His family released a statement Friday saying it had received "little and confusing information" about his case since then. The statement also noted that Saturday is his 29th birthday and included a prayer that he would be "given the strength to endure."
"While it is still unclear to us what is happening, we hope a decision is made soon and you are allowed to come home to your family," the statement said. "We continue to believe there is a terrible misunderstanding."
Iran has accused Hekmati of receiving special training while serving at U.S. military bases in Iraq and Afghanistan before heading to Iran for an intelligence mission. In December, Iran broadcast a video on state television in which Hekmati was shown delivering a purported confession, saying he was part of a plot to infiltrate Iran's intelligence agency.
Hekmati was born in Arizona and grew up in Michigan, where his father Ali Hekmati teaches at Mott Community College in Flint. His parents are of Iranian origin.
"Your birthday is particularly difficult for mom _ a reminder of when her first son was born, and your twin sister, who shares this special day," the statement said.
SOURCE : Globe Gazette
Iranian Court Annuls Death Sentence For Amir Hekmati American Accused of Spying
Tehran, Iran (CNN) -- An Iranian court has canceled the death sentence for an American accused of espionage in Iran, semi-official news agencies there reported Monday.
Iran's intelligence ministry sentenced Amir Mirzaei Hekmati to death in January, but the nation's Supreme Court annulled that sentence, ISNA news agency reported Monday.
The overturned verdict means that a lower court will review the case, Fars news agency said, citing Iran's attorney general.
Another lower court previously had convicted the 28-year-old of "working for an enemy country," as well as membership in the CIA and "efforts to accuse Iran of involvement in terrorism," the news agencies have reported.
The status of his case was not immediately clear Monday.
The U.S. State Department has strongly condemned his conviction.
"Allegations that Mr. Hekmati either worked for or was sent to Iran by the CIA are simply untrue," department spokeswoman Victoria Nuland said earlier this year. "The Iranian regime has a history of falsely accusing people of being spies, of eliciting forced confessions, and of holding innocent Americans for political reasons."
Hekmati's family also denies the allegations.
Hekmati was arrested in August while visiting his grandmother and other relatives, his family in Michigan said.
The Hekmatis said their son served in the U.S. Marines from 2001 to 2005. Later, he started his own linguistics company and contracted his services to the military as well as civilian businesses.
His military contracts included cultural competency training. He worked with troops at military bases to promote understanding and positive communication with people of other cultures, his family said.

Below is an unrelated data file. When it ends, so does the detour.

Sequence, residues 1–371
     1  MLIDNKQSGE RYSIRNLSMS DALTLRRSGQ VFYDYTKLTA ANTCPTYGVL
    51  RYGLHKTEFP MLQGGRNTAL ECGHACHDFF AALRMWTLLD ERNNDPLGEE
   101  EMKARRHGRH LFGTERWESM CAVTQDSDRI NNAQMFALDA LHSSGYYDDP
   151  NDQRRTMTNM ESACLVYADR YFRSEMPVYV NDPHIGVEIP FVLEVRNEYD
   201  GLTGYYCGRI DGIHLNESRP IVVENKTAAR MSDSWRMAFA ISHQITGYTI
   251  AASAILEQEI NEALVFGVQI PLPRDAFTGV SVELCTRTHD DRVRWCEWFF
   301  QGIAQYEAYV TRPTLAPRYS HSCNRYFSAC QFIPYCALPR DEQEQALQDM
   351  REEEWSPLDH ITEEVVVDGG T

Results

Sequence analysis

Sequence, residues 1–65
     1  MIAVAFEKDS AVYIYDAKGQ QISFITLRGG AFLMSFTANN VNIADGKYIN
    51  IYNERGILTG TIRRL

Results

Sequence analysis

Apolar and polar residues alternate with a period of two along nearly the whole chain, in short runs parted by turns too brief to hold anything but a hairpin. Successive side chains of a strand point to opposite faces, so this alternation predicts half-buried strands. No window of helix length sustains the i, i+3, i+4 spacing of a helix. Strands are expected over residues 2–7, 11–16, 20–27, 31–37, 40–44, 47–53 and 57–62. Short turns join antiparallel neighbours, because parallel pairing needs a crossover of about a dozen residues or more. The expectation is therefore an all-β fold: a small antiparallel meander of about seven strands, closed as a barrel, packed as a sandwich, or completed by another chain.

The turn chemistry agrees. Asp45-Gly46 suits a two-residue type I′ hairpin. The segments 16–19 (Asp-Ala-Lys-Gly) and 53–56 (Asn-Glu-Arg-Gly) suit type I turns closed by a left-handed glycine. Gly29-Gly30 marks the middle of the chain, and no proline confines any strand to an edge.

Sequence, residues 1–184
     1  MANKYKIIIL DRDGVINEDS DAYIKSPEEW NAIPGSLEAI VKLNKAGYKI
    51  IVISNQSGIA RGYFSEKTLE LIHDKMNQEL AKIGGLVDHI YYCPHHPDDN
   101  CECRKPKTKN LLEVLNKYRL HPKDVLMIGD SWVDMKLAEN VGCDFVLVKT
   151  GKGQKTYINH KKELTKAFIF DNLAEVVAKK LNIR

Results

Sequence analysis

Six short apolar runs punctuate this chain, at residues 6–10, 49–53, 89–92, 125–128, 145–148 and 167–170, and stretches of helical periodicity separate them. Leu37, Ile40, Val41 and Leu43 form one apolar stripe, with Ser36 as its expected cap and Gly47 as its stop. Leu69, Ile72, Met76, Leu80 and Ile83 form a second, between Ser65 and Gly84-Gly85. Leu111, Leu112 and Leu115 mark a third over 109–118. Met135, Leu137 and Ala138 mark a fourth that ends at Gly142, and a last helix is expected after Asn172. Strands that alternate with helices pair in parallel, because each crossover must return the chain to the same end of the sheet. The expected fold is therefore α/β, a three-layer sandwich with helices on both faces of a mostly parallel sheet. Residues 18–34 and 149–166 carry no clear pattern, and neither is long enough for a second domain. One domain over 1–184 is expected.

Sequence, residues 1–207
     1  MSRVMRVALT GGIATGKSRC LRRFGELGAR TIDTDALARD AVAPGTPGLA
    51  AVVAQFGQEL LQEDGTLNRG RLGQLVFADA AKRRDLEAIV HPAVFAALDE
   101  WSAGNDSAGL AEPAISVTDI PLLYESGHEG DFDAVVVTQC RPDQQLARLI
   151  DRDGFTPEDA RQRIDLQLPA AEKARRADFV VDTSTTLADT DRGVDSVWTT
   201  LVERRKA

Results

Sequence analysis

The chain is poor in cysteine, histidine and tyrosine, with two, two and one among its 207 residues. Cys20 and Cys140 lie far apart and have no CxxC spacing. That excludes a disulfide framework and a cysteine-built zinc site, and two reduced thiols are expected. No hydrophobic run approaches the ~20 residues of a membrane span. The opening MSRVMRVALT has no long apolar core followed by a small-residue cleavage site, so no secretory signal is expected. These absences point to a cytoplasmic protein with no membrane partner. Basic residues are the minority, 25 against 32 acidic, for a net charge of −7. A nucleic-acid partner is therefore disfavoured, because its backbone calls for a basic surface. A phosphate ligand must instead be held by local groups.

Update 2012-01 -10 Amir Mirzaie Hekmati, an American sentenced to death in Iran for espionage.
Iranian state television aired what it called a "confession" by 28-year-old Amir Hekmati over the weekend. His family said Tuesday that he was arrested in August while visiting his grandmother and other relatives in Iran, and that his statement had to have been coerced.
The Arizona-born, Michigan-raised Hekmati joined the Marines in August 2001, after high school. His four-year hitch included an assignment to the Defense Language Institute in Monterey, California, and a six-month deployment in Iraq in 2004, according to U.S. military records.
In 2006, after leaving the service, he started his own linguistics company and began offering his services as an English-to-Arabic translator, according to Michigan incorporation records. He contracted his services to the military as well as civilian businesses, offering training in cultural competency and working with troops at military bases to promote understanding of and positive communication with people of other cultures, his family said.
In 2010, he spent five months working as a research manager for defense contractor BAE, company spokesman Brian Roehrkasse told CNN. And Condon said Hekmati recently worked for a company that produced language-training material for the U.S. military.
The United States and Iran have no direct diplomatic relations, but Hekmati's family said he made the trip after obtaining permission from the Iranian Interests Section of the Pakistani Embassy in Washington. The interests section has not responded to CNN requests for comment.
News of Hekmati's detention is the latest turn in a series of allegations of espionage and plotting between Washington and Tehran, following the capture of a U.S. surveillance drone by Iran, Iranian claims to have arrested a dozen CIA spies and U.S. allegations that Iran sought to kill Saudi Arabia's ambassador to the United States.